If you’ve been overseas in the past few years, I think I can guess what you said when you arrived home: “Best place on earth. Why would anyone want to live anywhere else?”
That’s what most people say when they return to wherever their homeland happens to be. Australians, Belgians, Russians, Canadians, Mexicans, Danes, Spaniards, Germans, Dutch … we all say the same thing. Whether it’s our homeland by birth or adoption, ‘my country’ has a special place in our heart.
There are even millions of Syrians aching to return to their homeland, though we have seen on our TV screens the piles of rubble that will greet them if they ever manage to reach some of the towns and villages they once called home.
Most of us are patriots, even when we sometimes have to face some rather challenging facts about our nation’s deficiencies. In Australia’s case, those deficiencies currently include our failure to achieve true reconciliation between Indigenous and non-Indigenous Australians; the cruel and unconscionable way we treat people who come to us, by whatever means, seeking refuge or asylum; our failure to close the widening gap between our most privileged and our most disadvantaged schools; the growing chasm of wealth and income inequality (the top 20 percent of Australian households are now 100 times wealthier than the bottom 20 percent).
We also have an alarmingly high rate of sexual assault, too much homelessness and too much household debt. We’re sleep deprived; we’re overweight; two million of us are unemployed or underemployed; three million of us live in poverty (including 16 percent of Australians kids who lack reliable access to safe and nutritious food). And we’re suffering an epidemic of anxiety and depression.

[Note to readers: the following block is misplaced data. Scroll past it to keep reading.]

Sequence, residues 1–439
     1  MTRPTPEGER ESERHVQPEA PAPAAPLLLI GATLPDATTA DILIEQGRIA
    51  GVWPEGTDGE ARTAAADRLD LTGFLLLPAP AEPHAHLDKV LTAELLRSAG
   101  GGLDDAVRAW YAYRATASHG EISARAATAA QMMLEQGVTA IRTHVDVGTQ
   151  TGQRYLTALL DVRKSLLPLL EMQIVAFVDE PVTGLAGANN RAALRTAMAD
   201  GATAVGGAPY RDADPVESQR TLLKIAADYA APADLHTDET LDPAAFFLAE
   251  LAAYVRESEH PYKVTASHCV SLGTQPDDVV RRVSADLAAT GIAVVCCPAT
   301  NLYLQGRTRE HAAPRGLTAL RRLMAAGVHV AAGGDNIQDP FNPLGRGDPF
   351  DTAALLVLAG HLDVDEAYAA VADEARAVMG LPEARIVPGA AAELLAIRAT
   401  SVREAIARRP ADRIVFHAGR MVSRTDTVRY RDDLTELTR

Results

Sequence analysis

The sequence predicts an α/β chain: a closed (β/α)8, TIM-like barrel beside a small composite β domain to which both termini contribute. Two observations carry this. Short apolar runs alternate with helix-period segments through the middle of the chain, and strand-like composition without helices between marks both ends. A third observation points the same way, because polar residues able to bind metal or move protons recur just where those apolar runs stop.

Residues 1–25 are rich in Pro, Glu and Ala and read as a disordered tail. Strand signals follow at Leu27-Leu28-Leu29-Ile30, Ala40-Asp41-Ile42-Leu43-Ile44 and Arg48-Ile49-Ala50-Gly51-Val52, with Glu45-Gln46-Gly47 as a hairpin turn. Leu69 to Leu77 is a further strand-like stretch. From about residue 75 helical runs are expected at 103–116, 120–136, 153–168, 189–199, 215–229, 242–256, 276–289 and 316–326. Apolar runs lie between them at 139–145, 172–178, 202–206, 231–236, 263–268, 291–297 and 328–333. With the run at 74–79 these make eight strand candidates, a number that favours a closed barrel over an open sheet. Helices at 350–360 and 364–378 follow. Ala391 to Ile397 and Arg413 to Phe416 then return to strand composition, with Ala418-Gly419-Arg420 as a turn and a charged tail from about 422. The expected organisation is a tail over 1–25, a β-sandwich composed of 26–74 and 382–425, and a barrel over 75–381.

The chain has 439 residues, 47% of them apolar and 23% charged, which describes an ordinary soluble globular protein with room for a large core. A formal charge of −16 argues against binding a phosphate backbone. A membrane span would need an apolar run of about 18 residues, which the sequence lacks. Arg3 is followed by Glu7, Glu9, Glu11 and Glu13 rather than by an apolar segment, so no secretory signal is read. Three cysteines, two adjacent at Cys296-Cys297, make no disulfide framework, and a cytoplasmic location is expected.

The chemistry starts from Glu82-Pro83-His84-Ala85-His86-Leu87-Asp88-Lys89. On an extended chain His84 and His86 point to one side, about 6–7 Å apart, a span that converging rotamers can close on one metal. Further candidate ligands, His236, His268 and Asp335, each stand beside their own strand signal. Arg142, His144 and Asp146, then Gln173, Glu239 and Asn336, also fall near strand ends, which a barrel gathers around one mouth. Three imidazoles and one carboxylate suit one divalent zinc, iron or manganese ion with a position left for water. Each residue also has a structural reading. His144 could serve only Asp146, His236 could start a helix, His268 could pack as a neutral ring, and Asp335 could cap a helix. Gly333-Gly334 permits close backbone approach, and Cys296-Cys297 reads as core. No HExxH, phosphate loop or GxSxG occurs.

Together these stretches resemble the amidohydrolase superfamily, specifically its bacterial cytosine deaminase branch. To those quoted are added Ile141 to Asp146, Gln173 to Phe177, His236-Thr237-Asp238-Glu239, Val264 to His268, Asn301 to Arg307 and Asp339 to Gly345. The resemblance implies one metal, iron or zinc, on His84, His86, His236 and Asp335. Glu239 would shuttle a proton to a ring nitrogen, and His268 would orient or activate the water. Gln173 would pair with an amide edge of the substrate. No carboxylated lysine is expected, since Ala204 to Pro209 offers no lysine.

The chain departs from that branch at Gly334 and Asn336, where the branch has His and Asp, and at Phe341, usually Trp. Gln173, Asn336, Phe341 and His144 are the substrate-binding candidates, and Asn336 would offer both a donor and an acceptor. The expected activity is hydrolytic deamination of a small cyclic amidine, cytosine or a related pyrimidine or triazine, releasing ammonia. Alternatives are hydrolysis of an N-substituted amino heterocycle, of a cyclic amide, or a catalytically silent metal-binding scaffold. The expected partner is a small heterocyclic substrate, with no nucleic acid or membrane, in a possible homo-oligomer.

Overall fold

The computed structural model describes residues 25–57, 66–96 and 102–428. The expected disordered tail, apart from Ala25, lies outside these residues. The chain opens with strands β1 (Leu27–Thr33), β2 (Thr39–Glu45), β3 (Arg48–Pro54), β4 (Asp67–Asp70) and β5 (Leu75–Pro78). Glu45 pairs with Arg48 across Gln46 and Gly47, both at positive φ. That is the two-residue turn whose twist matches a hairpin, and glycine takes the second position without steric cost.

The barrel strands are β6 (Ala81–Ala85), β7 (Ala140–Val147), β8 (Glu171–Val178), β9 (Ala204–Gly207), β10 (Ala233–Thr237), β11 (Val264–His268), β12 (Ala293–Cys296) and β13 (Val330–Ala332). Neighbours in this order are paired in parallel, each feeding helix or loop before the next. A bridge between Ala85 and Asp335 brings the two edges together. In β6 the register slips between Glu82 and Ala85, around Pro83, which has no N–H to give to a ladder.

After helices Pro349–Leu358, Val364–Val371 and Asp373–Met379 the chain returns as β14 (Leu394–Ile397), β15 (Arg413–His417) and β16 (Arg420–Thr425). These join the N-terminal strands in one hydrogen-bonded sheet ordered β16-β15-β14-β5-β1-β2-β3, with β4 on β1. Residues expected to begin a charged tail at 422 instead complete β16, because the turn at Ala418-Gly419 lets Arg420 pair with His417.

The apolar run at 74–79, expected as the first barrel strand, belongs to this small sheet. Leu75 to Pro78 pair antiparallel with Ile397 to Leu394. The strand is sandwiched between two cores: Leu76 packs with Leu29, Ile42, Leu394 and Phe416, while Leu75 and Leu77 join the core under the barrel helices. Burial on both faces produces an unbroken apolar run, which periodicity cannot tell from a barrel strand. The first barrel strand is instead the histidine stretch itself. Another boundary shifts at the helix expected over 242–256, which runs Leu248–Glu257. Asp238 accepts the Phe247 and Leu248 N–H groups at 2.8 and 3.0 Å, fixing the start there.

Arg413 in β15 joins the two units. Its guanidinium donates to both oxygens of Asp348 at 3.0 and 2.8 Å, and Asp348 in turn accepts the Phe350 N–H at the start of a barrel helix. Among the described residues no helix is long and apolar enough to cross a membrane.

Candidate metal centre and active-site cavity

Information like that should temper any tendency to excessive patriotic zeal, even though there’s plenty to be proud of, too: our brilliant success at creating a harmonious society out of extraordinary ethnic and cultural diversity; our inventiveness; our many breakthroughs in medical and scientific research; our cultural institutions like the ABC and our vast network of public libraries; our wonderful volunteer services, ranging from surf lifesaving to bushfire-fighting.
But patriotism can easily get out of hand. We over-reach whenever, for example, we try to claim the values of any liberal democratic society as if they are uniquely ours. Too often, we hear leaders talking about the fair go, equality of opportunity, freedom of speech, freedom of belief, respect for the rule of law, ‘mateship’, tolerance, care for the disadvantaged and marginalised as if these are distinctively Australian qualities rather than the characteristics of any civil society.
Do we really imagine that Canadians would be less concerned about the marginalised than we are? Or that Italians wouldn’t help each other out in the wake of a natural disaster? Or that the French would be less committed to liberte, egalite, fraternite than we are?
Even worse, we sometimes fail to acknowledge that our finest, noblest qualities spring from our humanity, not our nationality. Altruism; kindness to strangers; a willingness to help those less fortunate than ourselves…these are examples of how human beings in any society behave when they are being true to their destiny as social beings who need each other. Since our very survival as a species depends on our willingness to co-operate, surely kindness, compassion and mutual respect should be characteristic of our way of life, wherever we live.
I’m a staunch patriot myself–aren’t you?–but let’s make sure our patriotism never shines so brightly that it casts that dark and ugly shadow called nationalism. As the English writer Richard Aldington once put it: ‘Patriotism is a lively sense of collective responsibility. Nationalism is a silly cock crowing on its own dunghill.’